Among the Ticuna, women chew the yucca dough to ferment it, but it is forbidden for pregnant women to prepare the masato, as it would acquire a very bitter taste, which would make it indigestible.

Is masato only made from cassava?

Masato is usually prepared with sweet yucca in almost all Amazonian indigenous communities.

However, other raw materials are also used to produce it.

Masato de maíz or chicha de maíz

Originally masato was made with corn, and was also called chicha de maíz. Or it was done with plantain, but then cassava became the most important crop in the chacra, in correspondence to the existence of numerous varieties of cassava, in some cases more than a hundred, and imposed itself as the main source for the elaboration of masato (Cartay 2016).

Masato of palm drupes

Drupes of Amazonian palm trees are also used to prepare the masato. This is the case among the Asháninka (Sosnowska, Ramírez and Millán 2010). For this purpose,(Euterpe precatoria), Ungurahui(Oenocarpus bataua), and even pandisho(Artocarpus altilis).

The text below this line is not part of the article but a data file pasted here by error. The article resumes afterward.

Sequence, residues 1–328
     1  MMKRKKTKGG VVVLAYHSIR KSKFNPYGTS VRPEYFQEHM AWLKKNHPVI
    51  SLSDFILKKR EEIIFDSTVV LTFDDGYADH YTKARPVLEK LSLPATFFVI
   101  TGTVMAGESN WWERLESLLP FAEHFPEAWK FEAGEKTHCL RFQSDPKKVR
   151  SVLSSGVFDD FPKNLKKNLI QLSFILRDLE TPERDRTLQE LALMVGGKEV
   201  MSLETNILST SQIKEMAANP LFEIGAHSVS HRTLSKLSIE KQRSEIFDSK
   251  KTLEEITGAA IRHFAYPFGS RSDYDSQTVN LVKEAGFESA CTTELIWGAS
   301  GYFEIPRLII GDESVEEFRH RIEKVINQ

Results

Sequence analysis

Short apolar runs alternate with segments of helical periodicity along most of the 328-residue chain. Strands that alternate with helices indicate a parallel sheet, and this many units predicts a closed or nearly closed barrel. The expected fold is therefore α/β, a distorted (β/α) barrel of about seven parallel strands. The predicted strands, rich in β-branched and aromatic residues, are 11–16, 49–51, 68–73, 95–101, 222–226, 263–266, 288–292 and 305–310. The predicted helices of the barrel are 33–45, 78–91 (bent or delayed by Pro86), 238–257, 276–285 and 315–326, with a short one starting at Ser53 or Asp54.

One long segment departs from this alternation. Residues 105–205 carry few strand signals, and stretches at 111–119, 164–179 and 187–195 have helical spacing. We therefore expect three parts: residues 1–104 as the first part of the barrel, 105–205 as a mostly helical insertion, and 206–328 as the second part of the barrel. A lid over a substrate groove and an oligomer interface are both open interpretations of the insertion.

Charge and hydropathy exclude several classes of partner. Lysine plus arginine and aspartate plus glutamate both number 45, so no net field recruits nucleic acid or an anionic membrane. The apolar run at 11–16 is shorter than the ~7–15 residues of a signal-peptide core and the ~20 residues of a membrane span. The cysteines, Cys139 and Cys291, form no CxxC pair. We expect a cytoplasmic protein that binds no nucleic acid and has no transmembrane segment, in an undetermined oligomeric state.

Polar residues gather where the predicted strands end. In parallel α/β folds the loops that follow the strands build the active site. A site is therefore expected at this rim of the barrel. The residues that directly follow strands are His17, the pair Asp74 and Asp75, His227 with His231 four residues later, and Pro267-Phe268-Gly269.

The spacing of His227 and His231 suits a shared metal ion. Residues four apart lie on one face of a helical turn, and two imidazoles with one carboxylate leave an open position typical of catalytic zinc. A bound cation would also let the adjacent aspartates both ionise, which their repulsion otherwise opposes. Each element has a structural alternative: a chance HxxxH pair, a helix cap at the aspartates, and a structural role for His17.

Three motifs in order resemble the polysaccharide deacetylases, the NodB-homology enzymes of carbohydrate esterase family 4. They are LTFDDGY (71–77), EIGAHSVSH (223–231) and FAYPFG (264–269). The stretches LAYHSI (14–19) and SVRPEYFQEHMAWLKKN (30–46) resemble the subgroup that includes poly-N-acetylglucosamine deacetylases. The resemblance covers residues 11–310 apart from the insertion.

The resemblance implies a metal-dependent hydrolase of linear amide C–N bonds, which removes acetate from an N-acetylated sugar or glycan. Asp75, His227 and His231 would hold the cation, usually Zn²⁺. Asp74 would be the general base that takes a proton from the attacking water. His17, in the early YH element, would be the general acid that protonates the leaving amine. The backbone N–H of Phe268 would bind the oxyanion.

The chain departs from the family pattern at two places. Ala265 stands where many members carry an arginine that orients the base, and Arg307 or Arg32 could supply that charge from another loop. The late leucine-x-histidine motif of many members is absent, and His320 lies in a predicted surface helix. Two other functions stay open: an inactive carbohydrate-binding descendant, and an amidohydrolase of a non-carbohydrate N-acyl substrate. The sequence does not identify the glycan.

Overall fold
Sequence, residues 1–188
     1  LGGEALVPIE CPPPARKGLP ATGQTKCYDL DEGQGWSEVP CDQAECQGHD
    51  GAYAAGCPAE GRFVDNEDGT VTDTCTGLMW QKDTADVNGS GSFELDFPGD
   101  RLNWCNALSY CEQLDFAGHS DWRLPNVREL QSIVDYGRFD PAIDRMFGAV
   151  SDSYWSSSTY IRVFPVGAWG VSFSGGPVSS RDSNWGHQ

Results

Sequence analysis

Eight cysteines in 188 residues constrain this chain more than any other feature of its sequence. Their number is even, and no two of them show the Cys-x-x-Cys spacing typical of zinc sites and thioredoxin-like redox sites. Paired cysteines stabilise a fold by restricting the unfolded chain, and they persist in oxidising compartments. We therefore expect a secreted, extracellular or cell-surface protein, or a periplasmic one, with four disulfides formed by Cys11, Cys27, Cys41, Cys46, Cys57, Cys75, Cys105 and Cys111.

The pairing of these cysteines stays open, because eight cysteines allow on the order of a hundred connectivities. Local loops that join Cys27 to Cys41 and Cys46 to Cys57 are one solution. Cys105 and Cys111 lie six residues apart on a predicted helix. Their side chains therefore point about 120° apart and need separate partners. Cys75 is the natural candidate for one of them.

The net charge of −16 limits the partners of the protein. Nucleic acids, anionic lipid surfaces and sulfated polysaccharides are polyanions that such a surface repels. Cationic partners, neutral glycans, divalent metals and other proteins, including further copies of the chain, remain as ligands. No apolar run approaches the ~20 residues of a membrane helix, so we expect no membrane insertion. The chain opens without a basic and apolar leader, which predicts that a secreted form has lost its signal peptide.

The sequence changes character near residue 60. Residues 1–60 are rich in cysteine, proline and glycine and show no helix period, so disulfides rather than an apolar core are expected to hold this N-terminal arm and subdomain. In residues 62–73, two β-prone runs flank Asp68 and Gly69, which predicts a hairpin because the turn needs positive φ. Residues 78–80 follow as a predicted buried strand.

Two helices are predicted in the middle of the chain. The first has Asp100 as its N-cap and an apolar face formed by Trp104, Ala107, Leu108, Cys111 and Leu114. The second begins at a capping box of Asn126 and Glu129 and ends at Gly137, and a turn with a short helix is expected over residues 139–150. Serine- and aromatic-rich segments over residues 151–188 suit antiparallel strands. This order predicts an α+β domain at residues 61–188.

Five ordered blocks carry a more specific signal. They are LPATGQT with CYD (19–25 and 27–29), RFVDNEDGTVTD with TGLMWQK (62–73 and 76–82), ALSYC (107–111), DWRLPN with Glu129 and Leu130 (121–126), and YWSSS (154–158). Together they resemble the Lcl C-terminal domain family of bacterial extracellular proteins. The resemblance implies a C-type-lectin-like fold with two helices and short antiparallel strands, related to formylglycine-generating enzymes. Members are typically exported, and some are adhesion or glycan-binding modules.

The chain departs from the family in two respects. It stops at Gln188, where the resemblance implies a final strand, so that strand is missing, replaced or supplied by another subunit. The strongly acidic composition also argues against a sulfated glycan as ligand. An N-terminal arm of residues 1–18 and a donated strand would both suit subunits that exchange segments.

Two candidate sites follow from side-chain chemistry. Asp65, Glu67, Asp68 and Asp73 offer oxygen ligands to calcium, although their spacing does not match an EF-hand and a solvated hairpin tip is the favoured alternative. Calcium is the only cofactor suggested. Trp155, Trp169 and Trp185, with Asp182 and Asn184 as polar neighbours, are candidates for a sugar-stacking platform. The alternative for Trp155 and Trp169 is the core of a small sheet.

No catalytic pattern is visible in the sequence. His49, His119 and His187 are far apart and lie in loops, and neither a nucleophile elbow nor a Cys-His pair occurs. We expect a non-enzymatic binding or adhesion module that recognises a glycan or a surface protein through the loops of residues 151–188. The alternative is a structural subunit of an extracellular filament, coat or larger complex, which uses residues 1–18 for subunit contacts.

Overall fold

In many indigenous groups, the masato used in rituals is made from drupes of the pijuayo palm, abundant in the lower Amazon.

The nutritional value of masate

Masate is generally considered a food. And indeed it is.

According to the Peruvian Food Composition Table, masato is a food rich only in carbohydrates (8.90 g), but its contribution in other values is very low: poor in protein (0.20 g) and total fat (0.10), practically nil in fiber, and with a high percentage water content (90.4), which reduces its caloric or energy value to 37 Kcal per 100 grams.

Its vitamin content is very limited: 4.20 mg of vitamin C, as well as minerals; 11 mg of calcium, 140 mg of phosphorus and 0.60 mg of iron.

Its nutritional poverty per 100 g is compensated, in part, by the frequency of masato intake by the indigenous people every day, with several intakes, even instead of water.

The realization that masato made from cassava, or other raw materials, is the beverage par excellence of the entire Amazon basin has stimulated the development of some functional food programs, using some fermented foods traditionally consumed in the region.

Cassava masato in CYTED’s ProInfant Project (2018)

One of the foods included in this program is cassava masato. This has been the case with CYTED’s ProInfant project (2018), which is being advanced by more than seventy researchers belonging to seven Latin American countries and Italy.